SURVIVORS NETWORK OF THOSE ABUSED BY PRIESTS, INC.; David Biersmith; Holly Hesemann; Call to Action, Inc., Plaintiffs–Appellants v. Jennifer M. JOYCE, solely in her official capacity as the Circuit Attorney for the City of St. Louis, Missouri; Chris Koster, solely in his official capacity as the Attorney General for the State of Missouri; Ronald K. Replogle, solely in his official capacity as Superintendent of the Missouri Highway Patrol; Samuel Dotson, III, solely in his official capacity as Chief of the St. Louis Metropolitan Police, Defendants–Appellees Thomas More Society; Thomas Jefferson Center for the Protection of Free Expression, Amici on Behalf of Appellant.
This action was brought by two Missouri non profit organizations and two individuals who regularly gather outside Catholic churches to address sexual abuse by priests and other matters of public concern. Four parties, appellants here, have raised a facial First Amendment freedom of speech challenge to Missouri's “House of Worship Protection Act.” The Act prohibits intentionally disturbing a “house of worship by using profane discourse, rude or indecent behavior ․ either within the house of worship or so near it as to disturb the order and solemnity of the worship services.” The district court upheld the Act and granted summary judgment to the defendants; the plaintiffs appeal. We reverse.
In 2012 the Missouri legislature enacted the House of Worship Protection Act, Mo.Rev.Stat. § 574.0351 (the Worship Protection Act). As relevant to this case, the Act provides that a person commits the crime of disrupting a house of worship if he or she “[i]ntentionally and unreasonably disturbs, interrupts, or disquiets any house of worship by using profane discourse, rude or indecent behavior, or making noise either within the house of worship or so near it as to disturb the order and solemnity of the worship services.” Id. at § 574.035(3)(1). First and second violations of the Act are misdemeanors; third or more violations are felonies. Id. at § 574.035(4). “House of worship” is defined to mean “any church, synagogue, mosque, other building or structure, or public or private place used for religious worship, religious instruction, or other religious purpose.” Id. at § 574.035(2). The defendant city and state officials,2 appellees here, assert that the interest which led to the Act is protection of “those engaging in the free exercise of religion on private property.” They have not presented evidence of actual disturbances to Missouri houses of worship, however.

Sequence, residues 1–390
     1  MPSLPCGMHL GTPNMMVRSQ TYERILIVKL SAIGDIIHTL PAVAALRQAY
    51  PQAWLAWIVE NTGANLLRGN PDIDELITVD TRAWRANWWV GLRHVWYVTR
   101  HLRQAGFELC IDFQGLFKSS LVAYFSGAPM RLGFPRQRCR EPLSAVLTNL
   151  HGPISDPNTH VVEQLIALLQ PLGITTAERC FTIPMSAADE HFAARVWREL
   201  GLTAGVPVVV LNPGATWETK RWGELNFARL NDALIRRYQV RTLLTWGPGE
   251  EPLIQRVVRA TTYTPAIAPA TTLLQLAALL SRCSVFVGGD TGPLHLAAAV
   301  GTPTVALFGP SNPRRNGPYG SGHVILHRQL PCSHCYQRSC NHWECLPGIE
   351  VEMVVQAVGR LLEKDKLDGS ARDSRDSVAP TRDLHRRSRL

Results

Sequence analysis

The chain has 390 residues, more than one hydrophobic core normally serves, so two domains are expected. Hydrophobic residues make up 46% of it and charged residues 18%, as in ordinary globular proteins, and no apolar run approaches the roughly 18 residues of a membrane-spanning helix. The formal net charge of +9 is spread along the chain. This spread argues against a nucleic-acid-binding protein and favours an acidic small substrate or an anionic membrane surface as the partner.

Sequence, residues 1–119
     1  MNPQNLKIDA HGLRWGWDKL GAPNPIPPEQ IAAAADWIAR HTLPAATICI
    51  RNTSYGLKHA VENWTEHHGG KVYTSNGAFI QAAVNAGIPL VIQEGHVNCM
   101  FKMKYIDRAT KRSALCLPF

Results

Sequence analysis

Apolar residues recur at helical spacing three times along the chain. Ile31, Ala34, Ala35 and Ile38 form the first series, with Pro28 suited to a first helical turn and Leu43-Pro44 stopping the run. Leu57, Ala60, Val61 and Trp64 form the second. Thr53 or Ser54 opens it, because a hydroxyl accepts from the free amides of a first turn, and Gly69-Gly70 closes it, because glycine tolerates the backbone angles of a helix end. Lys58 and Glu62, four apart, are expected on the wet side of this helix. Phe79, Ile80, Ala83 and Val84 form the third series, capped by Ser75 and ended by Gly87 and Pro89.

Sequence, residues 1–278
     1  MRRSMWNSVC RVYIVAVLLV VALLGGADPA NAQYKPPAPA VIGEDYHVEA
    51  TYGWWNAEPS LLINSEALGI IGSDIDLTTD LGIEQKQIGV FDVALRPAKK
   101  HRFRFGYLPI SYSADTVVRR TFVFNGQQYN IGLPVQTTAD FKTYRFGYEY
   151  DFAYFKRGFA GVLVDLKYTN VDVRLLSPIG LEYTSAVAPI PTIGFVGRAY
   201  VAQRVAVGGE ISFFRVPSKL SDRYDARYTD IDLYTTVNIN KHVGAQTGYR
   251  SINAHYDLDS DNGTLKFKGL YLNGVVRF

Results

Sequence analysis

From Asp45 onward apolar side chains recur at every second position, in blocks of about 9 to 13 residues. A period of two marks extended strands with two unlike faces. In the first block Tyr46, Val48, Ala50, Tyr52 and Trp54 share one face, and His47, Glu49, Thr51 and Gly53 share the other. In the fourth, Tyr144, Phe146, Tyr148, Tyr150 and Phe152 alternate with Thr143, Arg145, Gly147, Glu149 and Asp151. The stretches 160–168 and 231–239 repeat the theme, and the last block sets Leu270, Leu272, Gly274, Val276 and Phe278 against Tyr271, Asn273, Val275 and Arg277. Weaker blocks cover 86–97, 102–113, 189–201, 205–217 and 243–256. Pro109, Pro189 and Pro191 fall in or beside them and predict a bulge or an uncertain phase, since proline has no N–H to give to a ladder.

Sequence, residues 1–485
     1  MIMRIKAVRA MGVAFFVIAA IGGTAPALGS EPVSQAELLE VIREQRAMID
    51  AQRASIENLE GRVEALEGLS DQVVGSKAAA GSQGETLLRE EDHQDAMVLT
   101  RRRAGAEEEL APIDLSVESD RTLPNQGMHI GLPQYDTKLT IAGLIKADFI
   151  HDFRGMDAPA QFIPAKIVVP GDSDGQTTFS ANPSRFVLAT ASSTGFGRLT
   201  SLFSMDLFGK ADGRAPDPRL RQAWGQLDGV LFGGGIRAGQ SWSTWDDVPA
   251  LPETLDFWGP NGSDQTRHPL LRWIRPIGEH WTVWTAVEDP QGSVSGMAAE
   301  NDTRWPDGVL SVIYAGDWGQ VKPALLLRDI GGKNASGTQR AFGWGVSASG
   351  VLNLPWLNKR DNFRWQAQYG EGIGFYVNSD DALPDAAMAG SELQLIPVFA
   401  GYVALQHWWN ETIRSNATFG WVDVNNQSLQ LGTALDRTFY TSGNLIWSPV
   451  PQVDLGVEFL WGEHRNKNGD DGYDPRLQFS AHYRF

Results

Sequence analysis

Appellant Survivors Network of Those Abused by Priests (SNAP) is a non profit organization which advocates for victims of sexual abuse by clergy; one of its members is plaintiff Holly Hesemann. SNAP seeks to prevent future sexual abuse and to facilitate healing for its victims. For these purposes its members gather outside churches, administrative church buildings, and related venues to hold signs and pictures of abuse victims, to pass out pamphlets, and to speak with church personnel, visitors, and parishioners. SNAP members urge Catholics and church employees to share any information they have about sex abuse and to encourage victims of abuse to come forward with their experiences to begin healing. SNAP members regularly communicate their messages outside of a Catholic friary in St. Louis where a priest accused of child molestation resides. The friary is located within a mile of four elementary schools and five daycare centers, and among other messages members seek to inform those who live nearby of the accusations.